- Publisher: Ivy Books; Reprint edition (Sept. 1991)
- Language: English
- ISBN-10: 080410834X
- ISBN-13: 978-0804108348
- Product Dimensions: 17.3 x 10.4 x 2.3 cm
- Average Customer Review: 5.0 out of 5 stars See all reviews (1 customer review)
- Amazon Bestsellers Rank: 4,067,003 in Books (See Top 100 in Books)
Feast of Bones Paperback – 1 Sep 1991
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Top Customer Reviews
The book's main emphasis is on the Soviet invasion of Afghanistan, and it's so gratifying to read an American work that doesn't descend into 'evil empire' stereotypes. The Soviet military there is composed of professional troops who get on with the job, soldiers just serving out their draft, incompetents and cowards - i.e. a normal selection of humans. Cackling sadists they are not. However, nor does the book shy away from the realities of the war, including torture and massacre. The reader is left to decide for themselves how they view the characters in the light of what they do. The various actions the Soviet army undertook are described in some detail, as well as the problems with their war effort. Nocturnal ambushing, reconnaissance, and full-scale assaults all get a turn in the spotlight. Donskoy himself comes across as an ideal soldier, a mouthpiece of the author, but this never detracts from the story. His behaviour an methodology don't seem to square with the Soviet army's way of doing things, but I suspect they are meant to be contrasted.
Feast of Bones' cast is varied and memorable; shout-outs go to the mentor figure (whose name I forget, begins with a 'P') and "that shifty-looking commisar" Zharkowsky, the book's mosst ruthless individual and the most interesting (for me, at any rate).Read more ›
Most Helpful Customer Reviews on Amazon.com (beta) (May include reviews from Early Reviewer Rewards Program)
Daniel Bolger published Feast of Bones in 1990. It remains a useful, remarkably well-written read nearly a quarter century later. Back in those final Cold War years, Bolger was a young, determined-looking Army infantry captain, if the photo on the dust-jacket is indicative. He took his U.S. military experience, and changed perspective. That is, he wrote a book about life in the Soviet Army in the 1970s and 1980s, with distinct focus on the Red Army effort in Afghanistan.
It's bold for an American military officer to pretend to be inside the head of a foreign counterpart, in this case, a Soviet captain of paratroopers. The risk is a silly book filled with tendentious inaccuracy, projection and mirror-imaging. Still, Bolger holds a Masters Degree in Russian History, and a PhD in International History -- from the University of Chicago, no less. In other words, Bolger apparently knows a few things about what he describes in his novel. In fact, this is a novel with a worthy bibliography, naming a host of well-qualified sources on Russia and the USSR, to include scholarly authors like David Glantz, David Isby, Steven Zaloga and the always-insightful Soviet defector "Viktor Suvorov." These and more, to be sure. So Bolger did his research.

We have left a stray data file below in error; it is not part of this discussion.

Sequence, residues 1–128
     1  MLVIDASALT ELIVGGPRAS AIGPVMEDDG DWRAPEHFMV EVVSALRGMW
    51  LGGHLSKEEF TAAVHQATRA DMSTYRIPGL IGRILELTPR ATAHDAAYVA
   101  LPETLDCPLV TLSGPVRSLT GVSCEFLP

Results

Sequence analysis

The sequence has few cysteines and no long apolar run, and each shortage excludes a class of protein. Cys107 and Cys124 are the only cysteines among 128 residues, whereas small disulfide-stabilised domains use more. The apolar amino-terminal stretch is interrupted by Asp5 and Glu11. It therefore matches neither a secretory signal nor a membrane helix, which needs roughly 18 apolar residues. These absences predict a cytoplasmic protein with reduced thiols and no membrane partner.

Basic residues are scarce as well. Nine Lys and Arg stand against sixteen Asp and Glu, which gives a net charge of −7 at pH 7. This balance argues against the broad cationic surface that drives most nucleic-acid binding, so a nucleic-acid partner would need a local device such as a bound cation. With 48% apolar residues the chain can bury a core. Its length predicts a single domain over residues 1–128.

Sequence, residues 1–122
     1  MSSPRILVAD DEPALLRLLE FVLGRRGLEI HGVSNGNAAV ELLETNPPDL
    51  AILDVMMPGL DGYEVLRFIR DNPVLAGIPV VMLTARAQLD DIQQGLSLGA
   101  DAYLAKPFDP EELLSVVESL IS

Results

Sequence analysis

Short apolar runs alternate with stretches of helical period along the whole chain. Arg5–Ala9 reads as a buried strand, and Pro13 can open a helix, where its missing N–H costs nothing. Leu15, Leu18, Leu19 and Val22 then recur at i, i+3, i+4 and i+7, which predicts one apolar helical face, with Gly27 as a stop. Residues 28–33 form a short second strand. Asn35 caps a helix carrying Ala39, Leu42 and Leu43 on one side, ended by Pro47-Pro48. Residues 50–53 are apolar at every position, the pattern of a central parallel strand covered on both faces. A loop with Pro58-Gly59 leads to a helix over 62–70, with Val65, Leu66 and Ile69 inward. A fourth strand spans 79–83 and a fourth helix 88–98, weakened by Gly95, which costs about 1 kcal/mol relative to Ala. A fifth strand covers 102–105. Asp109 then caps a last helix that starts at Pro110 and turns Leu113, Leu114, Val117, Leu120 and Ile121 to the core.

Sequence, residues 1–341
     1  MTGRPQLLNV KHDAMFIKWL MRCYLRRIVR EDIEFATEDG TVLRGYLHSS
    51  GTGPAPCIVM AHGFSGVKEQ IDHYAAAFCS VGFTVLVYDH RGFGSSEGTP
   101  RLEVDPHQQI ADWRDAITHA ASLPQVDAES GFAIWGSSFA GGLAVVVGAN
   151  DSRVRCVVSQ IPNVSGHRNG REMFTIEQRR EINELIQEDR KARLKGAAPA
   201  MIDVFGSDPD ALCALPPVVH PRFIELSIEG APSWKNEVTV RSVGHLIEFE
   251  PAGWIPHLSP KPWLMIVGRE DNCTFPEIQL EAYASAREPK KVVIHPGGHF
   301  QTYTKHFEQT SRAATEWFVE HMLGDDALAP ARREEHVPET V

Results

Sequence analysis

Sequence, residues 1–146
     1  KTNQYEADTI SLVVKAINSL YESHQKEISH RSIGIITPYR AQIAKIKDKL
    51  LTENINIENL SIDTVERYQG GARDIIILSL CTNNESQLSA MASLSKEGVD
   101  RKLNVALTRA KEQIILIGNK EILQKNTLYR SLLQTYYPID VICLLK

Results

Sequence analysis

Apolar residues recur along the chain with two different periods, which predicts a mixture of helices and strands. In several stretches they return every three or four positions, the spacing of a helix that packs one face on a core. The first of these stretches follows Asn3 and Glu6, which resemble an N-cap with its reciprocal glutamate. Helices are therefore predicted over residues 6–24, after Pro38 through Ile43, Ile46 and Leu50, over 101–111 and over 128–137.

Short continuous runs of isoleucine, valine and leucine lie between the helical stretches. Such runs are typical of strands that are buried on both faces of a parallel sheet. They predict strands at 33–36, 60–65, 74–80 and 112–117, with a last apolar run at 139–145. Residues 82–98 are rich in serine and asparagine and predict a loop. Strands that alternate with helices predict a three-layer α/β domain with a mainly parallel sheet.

Novelistically, we follow several years in the life of a fictitious Red Army captain named Dimitriy Donskov. We begin with serious action, and "can't-stop-reading" excitement, via an ambush on the trail from Pakistan into Afghanistan. Then we flash back to paratrooper officer candidate school and basic training (a section in which Viktor Suvorov's vivid descriptions are quite evident). There's a description of life in the Soviet Army as arrayed against the imperialist forces of NATO in Europe. We even have a quick expedition by Donskov to Grenada during the U.S. invasion. Then a long trip "south," into the rocky massif of Afghanistan. Finally, a journey to Moscow, where Donskov plays a role in bringing Michael Gorbachev to power over the USSR.
As novels go, the book is beautifully written. Bolger has a gift for excellent sentence structure, and a careful, comfortable style that flows easily. Add in a remarkable sense for key points of Russian history, culture and even mysticism, evidenced by casual reference to famous comments by notables ranging from Vladimir Lenin back to Pilotheus of Pskov.
Still, why read this book from way back in 1990? Isn't it ancient history by now? No, and Bolger's novel remains relevant; even important, I'd argue... and I say that with the benefit of more than two decades of hindsight. Bolger gives the reader a vivid overview of life inside the highly politicized ("politically correct," we say today) Soviet Army back then; and couples it with a dramatic description of the operational and tactical follies -- and some of the better efforts -- of the Soviet military experience in Afghanistan.
Indeed, as I was reading Feast of Bones, I asked myself... a US Army captain knew all of this, back then? And he based it on what he saw happen with the Red Army in Afghanistan? Well, at least the Army was smart enough to promote Daniel Bolger to the rank of general. Then again, as the Soviet experience demonstrates, even the best of efforts are wasted when political masters back in the capital city have a failed strategic vision, and plod onward to national disaster in the face of their own myopic careerism.